Ever the controversialist, filmmaker Ridley Scott has rubbed a lot of people the wrong way on his press tour for Napoleon. Whether it’s insulting the French or telling historians to “get a life” following their complaints of the film’s perceived historical inaccuracies, ol’ Sir Ridley has certainly got people talking. But is the film any good?
This old-fashioned historical epic traces the rise and fall of infamous emperor Napoleon Bonaparte (Joaquin Phoenix), with our story beginning with the execution of Marie Antoinette in 1793 and culminating with the death of the titular despot in 1821. That’s a lot of ground to cover in 157 minutes, and the result is inconsistent pacing that veers wildly from tediously bloated to rushed. Ridley Scott has promised a 4hr10min director’s cut will be available in the near future, and that comes as little surprise – this theatrical cut is often messy and clunky, and the fact that almost two hours has been stripped from it is self-evident as a result. Character motivations and emotions are only examined at a distance, and the film feels somewhat cold as a result. We learn very little about Napoleon and his tumultuous relationship with Joséphine (Vanessa Kirby), for example, in favour of what the film does succeed in – spectacle.
Yes, Napoleon is a film far more concerned with big-screen entertainment than anything else. The battle scenes are immense; the Battle of Austerlitz, heavily used in the film’s marketing campaign, could go down as one of the greatest historical battles in cinema. And of course, you can’t have a Napoleon film without the Battle of Waterloo which is equally impeccable in its visceral action and fascinating insight into military strategy. These sequences are bombastic, and made for the cinema. This is Ridley firing on all cylinders with some of his greatest action filmmaking to date.
It’s a shame, then, that a lot of the film otherwise struggles to engage. Performances are stellar – both Phoenix and Kirby are flawless in the leads, while a supporting cast including a memorable Rupert Everett also lend to the film’s prestige quality. There’s some genuine laughs throughout, too – intentional, I might add. The film has a wicked sense of humour and some really amusing moments. In true brutally honest fashion, Scott said in a recent interview with Letterboxd that “if you don’t laugh, you have no sense of humour whatsoever”.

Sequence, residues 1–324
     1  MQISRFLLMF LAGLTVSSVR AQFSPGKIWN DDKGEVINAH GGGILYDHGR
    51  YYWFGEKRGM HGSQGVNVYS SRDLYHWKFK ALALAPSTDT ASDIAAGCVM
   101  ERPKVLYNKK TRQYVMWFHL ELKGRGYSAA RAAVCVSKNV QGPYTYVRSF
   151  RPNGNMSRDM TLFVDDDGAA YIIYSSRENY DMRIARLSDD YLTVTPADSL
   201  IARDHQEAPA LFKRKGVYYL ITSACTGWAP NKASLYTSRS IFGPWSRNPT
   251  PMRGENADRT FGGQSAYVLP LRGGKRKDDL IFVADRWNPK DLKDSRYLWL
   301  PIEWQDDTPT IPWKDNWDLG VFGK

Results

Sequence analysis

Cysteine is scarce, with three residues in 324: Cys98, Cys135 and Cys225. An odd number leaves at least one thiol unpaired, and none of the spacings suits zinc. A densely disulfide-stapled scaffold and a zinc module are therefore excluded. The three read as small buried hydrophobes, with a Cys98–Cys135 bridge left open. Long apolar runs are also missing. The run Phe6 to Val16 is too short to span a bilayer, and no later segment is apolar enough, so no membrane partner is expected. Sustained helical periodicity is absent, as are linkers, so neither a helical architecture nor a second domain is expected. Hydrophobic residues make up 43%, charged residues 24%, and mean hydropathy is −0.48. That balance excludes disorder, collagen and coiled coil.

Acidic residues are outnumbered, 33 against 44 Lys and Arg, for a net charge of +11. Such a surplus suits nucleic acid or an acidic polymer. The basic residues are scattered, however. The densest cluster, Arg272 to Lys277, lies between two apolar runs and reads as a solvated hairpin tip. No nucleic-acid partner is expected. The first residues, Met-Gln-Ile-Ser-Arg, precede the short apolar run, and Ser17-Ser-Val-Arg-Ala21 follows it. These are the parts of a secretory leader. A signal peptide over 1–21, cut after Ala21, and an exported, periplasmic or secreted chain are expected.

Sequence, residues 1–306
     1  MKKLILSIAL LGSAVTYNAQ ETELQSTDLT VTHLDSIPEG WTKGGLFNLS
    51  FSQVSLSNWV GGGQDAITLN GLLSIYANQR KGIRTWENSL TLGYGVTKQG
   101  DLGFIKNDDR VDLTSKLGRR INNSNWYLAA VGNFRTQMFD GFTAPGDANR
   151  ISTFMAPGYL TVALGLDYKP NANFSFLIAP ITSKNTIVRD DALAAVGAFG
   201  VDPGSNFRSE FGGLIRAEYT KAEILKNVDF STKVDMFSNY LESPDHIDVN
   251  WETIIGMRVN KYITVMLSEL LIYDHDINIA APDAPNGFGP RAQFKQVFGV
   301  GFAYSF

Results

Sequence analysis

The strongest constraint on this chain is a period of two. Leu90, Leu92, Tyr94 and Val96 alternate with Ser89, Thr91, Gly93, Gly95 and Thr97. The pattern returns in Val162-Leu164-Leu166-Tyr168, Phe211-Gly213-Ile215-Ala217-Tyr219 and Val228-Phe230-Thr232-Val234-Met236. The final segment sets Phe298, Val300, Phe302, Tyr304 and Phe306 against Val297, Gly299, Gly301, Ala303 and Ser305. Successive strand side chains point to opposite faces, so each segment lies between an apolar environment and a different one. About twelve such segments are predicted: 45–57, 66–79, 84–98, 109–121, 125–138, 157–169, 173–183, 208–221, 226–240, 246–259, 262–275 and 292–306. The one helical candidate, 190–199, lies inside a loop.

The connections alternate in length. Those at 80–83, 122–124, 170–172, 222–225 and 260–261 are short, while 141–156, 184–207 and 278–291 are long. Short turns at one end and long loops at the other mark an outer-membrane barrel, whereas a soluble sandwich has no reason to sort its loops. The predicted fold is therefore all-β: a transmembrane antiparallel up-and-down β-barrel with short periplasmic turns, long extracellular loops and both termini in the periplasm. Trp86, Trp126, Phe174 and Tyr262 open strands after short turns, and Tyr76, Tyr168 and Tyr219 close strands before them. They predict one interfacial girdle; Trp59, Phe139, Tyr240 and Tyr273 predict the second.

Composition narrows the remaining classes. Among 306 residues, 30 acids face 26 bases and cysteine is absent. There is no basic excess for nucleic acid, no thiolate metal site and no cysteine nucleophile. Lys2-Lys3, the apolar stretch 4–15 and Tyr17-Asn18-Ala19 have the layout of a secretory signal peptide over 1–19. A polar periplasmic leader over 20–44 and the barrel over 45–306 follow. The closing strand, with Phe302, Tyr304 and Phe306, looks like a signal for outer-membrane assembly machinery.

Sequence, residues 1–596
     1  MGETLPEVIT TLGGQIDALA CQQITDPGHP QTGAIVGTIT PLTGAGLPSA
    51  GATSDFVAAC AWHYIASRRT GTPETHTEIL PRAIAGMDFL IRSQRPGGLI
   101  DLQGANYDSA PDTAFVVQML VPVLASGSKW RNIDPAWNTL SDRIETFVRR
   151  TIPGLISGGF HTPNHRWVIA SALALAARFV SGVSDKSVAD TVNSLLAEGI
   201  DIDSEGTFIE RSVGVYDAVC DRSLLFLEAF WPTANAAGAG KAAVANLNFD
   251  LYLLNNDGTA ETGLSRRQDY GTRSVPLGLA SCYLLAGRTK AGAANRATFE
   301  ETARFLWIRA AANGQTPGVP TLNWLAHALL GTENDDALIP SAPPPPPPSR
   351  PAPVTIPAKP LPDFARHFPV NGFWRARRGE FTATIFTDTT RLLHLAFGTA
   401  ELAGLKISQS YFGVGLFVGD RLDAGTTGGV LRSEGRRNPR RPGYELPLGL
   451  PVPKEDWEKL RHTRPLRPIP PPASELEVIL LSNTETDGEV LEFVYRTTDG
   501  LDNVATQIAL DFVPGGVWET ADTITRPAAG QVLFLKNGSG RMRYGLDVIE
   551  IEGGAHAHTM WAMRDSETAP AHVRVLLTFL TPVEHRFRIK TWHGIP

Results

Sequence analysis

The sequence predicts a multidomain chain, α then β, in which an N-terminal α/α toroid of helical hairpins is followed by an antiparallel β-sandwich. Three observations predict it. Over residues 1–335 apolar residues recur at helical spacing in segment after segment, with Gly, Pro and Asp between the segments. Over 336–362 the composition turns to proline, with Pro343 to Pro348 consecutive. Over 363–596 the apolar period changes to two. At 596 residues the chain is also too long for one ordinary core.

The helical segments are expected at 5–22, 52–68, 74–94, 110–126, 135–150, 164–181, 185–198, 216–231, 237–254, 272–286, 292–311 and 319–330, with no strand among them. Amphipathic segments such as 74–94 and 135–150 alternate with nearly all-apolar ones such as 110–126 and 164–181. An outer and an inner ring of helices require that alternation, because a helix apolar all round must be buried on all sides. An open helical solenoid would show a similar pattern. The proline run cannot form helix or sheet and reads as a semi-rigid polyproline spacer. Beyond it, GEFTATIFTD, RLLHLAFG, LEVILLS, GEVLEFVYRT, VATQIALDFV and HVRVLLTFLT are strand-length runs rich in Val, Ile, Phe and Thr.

Production design is also magnificent across the board, gorgeously shot by cinematographer Dariusz Wolski. Napoleon is a visual feast. But there’s an emptiness in the narrative and the character development – it will surely be rectified by Scott’s 4hr+ cut, but those seeing the film in its theatrical form may feel short-changed.
On the subject of disappointment, historians have been very vocal about the historical inaccuracies in Napoleon – to which, Ridley famously told them to “get a life” and “fuck off” because “they weren’t there”. This is a whole other discussion for another day, but briefly put, I must say I side with Ridley. While there might’ve been a more polite way of putting it, I believe true objectivity in storytelling around events that happened 200 years ago is impossible. Napoleon is, as mentioned, pure spectacle entertainment. Those looking for the ‘truth’ will have to read some of the thousands of books on the subject.
With the fact that Scott had evidently planned these two cuts, he perhaps would’ve been wiser to cut the theatrical down even more to focus entirely on the spectacle. At 157 mins, it’s still a long old slog at the movies and it threatens to feel longer as it keeps the audience at an arm’s length with its lack of an emotional core or through-line. Seeing it in the cinema is recommended for the sheer majesty of the film’s action set pieces, but with the caveat that I suspect the director’s cut will be required viewing at home to fill in any gaps and strengthen one’s appreciation for the film and indeed understanding of the history it covers.